The state of Texas has 31 Senate districts, drawn along lines of total population and each holding about 811,000 residents. But when it comes to the number of people in each district actually able to vote, there are wide disparities. In one rural district outside Dallas, nearly three-quarters of its citizens are voting-eligible, but in the neighboring urban district, that number drops to less than half due to a large non-citizen and immigrant population.

The disparities in Texas are at the heart of Evenwel v. Abbott, a hotly contested lawsuit regarding the long-held constitutional principle called “one person, one vote.” The case, scheduled to be argued before the Supreme Court in December, involves two voters, Sue Evenwel and Edward Pfenninger, who argue that using total population to draw voting districts gives more weight to those voters who live in districts with fewer eligible voters and dilutes the voting power of others. They contend that district population should take into account only the number of registered or eligible voters residing within those districts. Their opponents say the current system is fair and gives a voice to people who cannot vote by making sure there is someone who can represent them.

The Supreme Court established “one person, one vote” in a series of cases in the early 1960s overturning flagrant cases of malapportionment. At the time, there were instances of small towns — even small groups of people — holding the same voting powers as large cities due to urban-rural population disparities. Invoking the principles laid down by the 14th Amendment, the court ruled that all citizens should have an equal legislative representation. In 1964, the Supreme Court ruled that states should draw districts based on population so that political power could be evenly shared. “One person, one vote” has become a bedrock concept for American democracy — described by Chief Justice Earl Warren in a 1968 meeting with reporters as one of the most important accomplishments during his tenure.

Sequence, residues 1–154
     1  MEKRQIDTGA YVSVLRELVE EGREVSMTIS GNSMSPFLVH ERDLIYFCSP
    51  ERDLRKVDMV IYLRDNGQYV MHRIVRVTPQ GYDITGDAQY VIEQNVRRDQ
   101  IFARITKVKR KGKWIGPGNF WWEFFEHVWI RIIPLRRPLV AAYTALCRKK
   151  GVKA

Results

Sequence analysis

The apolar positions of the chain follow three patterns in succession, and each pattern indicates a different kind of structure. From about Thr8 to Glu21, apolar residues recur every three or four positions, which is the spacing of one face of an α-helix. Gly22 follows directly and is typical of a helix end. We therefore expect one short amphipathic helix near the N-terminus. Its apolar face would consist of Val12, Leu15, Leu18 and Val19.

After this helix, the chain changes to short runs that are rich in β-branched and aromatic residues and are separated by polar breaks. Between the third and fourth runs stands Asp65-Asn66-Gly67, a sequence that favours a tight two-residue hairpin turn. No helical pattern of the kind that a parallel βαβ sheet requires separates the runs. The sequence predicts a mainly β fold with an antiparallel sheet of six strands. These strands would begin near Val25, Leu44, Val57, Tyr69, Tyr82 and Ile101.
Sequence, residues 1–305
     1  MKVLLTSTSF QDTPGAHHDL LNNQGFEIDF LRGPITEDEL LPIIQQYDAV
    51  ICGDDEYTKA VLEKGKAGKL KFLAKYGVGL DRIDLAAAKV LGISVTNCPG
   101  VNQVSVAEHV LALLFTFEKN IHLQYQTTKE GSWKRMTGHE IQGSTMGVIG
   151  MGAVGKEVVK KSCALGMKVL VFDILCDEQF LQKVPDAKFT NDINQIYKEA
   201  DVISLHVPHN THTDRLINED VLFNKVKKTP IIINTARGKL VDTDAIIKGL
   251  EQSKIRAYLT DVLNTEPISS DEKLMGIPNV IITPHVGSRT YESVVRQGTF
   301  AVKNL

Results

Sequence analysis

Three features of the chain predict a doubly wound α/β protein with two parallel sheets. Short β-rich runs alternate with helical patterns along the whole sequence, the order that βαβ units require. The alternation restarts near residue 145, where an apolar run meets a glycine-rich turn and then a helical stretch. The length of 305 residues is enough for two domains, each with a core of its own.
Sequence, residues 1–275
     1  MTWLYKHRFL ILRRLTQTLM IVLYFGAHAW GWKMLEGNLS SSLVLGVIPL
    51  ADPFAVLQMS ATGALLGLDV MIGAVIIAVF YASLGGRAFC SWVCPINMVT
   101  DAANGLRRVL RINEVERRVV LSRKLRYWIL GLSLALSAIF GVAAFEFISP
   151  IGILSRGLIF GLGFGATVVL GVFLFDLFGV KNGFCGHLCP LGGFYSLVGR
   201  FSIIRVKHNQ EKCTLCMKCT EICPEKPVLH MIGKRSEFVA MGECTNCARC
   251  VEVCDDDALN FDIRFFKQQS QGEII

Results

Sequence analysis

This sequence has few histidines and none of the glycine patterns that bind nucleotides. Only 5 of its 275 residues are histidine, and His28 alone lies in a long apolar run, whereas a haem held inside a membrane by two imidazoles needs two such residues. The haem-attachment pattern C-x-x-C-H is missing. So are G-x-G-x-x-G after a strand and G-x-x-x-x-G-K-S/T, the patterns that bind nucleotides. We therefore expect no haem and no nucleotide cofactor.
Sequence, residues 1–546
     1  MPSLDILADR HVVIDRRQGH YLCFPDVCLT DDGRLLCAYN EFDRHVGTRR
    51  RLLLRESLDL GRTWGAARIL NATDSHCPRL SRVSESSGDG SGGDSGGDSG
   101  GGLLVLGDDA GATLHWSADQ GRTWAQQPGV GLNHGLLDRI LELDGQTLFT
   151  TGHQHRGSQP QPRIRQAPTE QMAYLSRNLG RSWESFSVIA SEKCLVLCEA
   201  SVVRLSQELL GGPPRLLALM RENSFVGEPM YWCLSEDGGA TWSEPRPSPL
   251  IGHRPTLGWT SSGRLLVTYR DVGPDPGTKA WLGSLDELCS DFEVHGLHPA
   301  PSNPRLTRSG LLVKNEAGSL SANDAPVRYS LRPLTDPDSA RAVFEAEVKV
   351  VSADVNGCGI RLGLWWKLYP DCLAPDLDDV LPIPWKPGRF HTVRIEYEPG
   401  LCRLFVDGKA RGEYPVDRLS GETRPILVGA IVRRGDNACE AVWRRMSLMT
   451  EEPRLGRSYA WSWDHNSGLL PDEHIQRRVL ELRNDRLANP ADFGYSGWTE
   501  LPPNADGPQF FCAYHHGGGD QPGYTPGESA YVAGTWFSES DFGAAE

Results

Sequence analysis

However, the court never detailed how states should implement this important concept, leaving it open to interpretation. The Evenwel case could be the chance for the court to offer more guidance on what “one person, one vote” should look like. Most states use total census populations — including both citizens and non-citizens — to draw their districts, so a decision in favor of the plaintiffs would be ground-breaking. Districts across the country would have to be redrawn, and experts say such a ruling would give a sizable boost to Republicans, since non-citizens are more likely to be liberal.

On the practical side of the case, there’s a question of whether drawing districts on the basis of citizens would be feasible. The U.S. Census Bureau doesn’t collect data on citizen counts in its decennial survey, and some experts argue that it’s already difficult to get perfect information on people who immigrated illegally.

The case also touches on the tension surrounding growing Hispanic populations, particularly in Southern states and in urban areas. These populations are much younger and have larger percentages of non-citizens compared with the rest of the country. For that reason, some people have criticized the Evenwel plaintiffs as targeting the Hispanic community.

Overall, the case is a question of fairness with a tension between two values: “equality in representation” and “equality in the electorate.” How should we balance those values, and who should be counted as states divvy up their systems of representation?

Over the next few days, we’ll hear from: